Other enhancements include greater access to customer service reps. Through the new site the customer service support desk is now available 24 hours a day and seven days a week. This is a dramatic change from its previous hours of operations which ended at 6 p.m. EST. The site also contains quick links for dealers with autofill, a mark-up tool and the option to view retailer vs. consumer pricing.

A key element to the creation of the new B2B site is it reinforces Stanton Carpet’s commitment to sell only to the flooring retailer. While certain features, such as the create-a-rug option, will soon be available on an updated consumer website, customers will not be able to purchase products directly from Stanton. If a consumer chooses to create a rug, they will only be able to submit a rug design, which then goes to the nearest retailer who can follow up about the desired product.

Stanton has scheduled a few webinars to help walk retailers through the new site. The company has also alerted dealers of the updated site through email and a “Top Five Reasons Why” campaign. The company also plans on showcasing the website at Surfaces 2018.

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FCNews exclusive interview: Lead-gen marketing in today’s web-centric world

October 9/16, 2017: Volume 32, Issue 9

Chase ShielsEven today’s most tech-savvy retailers, manufacturers and distributors realize it’s not enough to merely have a “presence” online. Proponents say success requires just the right mix of a content-rich website, interactive social media efforts (both inbound and outbound) and effective search-based, lead-generation tools. In short, all these elements—combined with traditional face-to-face selling, of course—all need to seamlessly blend together to help retailers maximize sales opportunities and develop potential repeat business in the process.

To discuss this critical integration, FCNews managing editor Reginald Tucker sat down with Chase Shiels, CEO of 4me Group, a Cincinnati-based tech start-up specializing in helping dealers convert more browsers into buyers. Utilizing its suite of cloud-based sales management software—including its signature Lead Tool program—the company works with several high-profile independent floor covering dealers as well as members of large retail buying groups. If that wasn’t enough, 4me Group has developed lead-gen programs for some of the industry’s largest manufacturers. It also has a successful track record with companies operating in the real estate sector. The goal is to help retail businesses provide a better customer experience.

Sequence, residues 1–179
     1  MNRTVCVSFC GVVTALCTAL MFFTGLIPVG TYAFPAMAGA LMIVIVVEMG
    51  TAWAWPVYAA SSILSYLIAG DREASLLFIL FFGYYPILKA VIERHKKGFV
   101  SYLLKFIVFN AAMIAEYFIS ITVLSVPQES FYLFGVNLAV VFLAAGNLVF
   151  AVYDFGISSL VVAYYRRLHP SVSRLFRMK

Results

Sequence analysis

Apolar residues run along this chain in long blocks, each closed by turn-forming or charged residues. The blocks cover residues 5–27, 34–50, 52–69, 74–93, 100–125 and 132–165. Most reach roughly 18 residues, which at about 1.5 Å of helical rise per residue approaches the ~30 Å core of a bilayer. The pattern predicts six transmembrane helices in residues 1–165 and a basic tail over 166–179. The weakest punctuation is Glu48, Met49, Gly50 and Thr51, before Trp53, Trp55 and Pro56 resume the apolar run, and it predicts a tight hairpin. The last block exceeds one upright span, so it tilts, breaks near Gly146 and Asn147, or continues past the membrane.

In this discussion, Shiels not only talks tech but also delves into the importance of having a thoroughly integrated lead-generation, customer relationship management (CRM) system.

Q: Before we get into the actual software products, give us a little background on 4me Group.

A: I’d say we’re a combination of ex-operators and technologists—industry veterans who understand the building products retailing market. Two of our founders are successful former owners and operators of lumber distribution and dry-kiln facilities focusing on imported and domestic hardwoods and custom millwork. Our team has experience in all three key points of the supply chain: manufacturing, distribution and retail. More importantly, we have experience selling to modern consumers. As a group we are very experienced in bringing new technologies into different industries.

Q: Explain the transition from the manufacturing side of the business to the marketing end. 

A: My dad and I got out of the family lumber business, and I went to work in the car business. I was in sales in the middle of the recession. The owner of the automotive retail group I worked for spent several hundred thousands of dollars a month on online advertising, but he didn’t feel his sales staff was doing much with the leads being generated by all this advertising. The owner got fed up and pulled all the online leads from his entire sales staff and gave them to me and my business partner, George. I managed the division of the company that comprised Porsche, Audi, Maserati and Volvo. Together we managed between 300-400 new sales leads per month. Within about 90 days we were accounting for somewhere between 35%-40% of the monthly sales volume. We took all these leads that were supposedly “garbage” and converted them into sales. Mind you, we did all this during a recession, which is not a good time to be selling $100,000 cars. But I’ve learned a lot about lead generation, sales processes and CRM systems.

Q: What did that process teach you, specifically?

A: I learned how a sales process should look, how you can most effectively get someone to come into the showroom and buy a car—even when the person was not located in the [same] state. I did a lot of national and international business. I also learned about the importance of CRM platforms in helping salespeople turn every potential customer in a paying customer.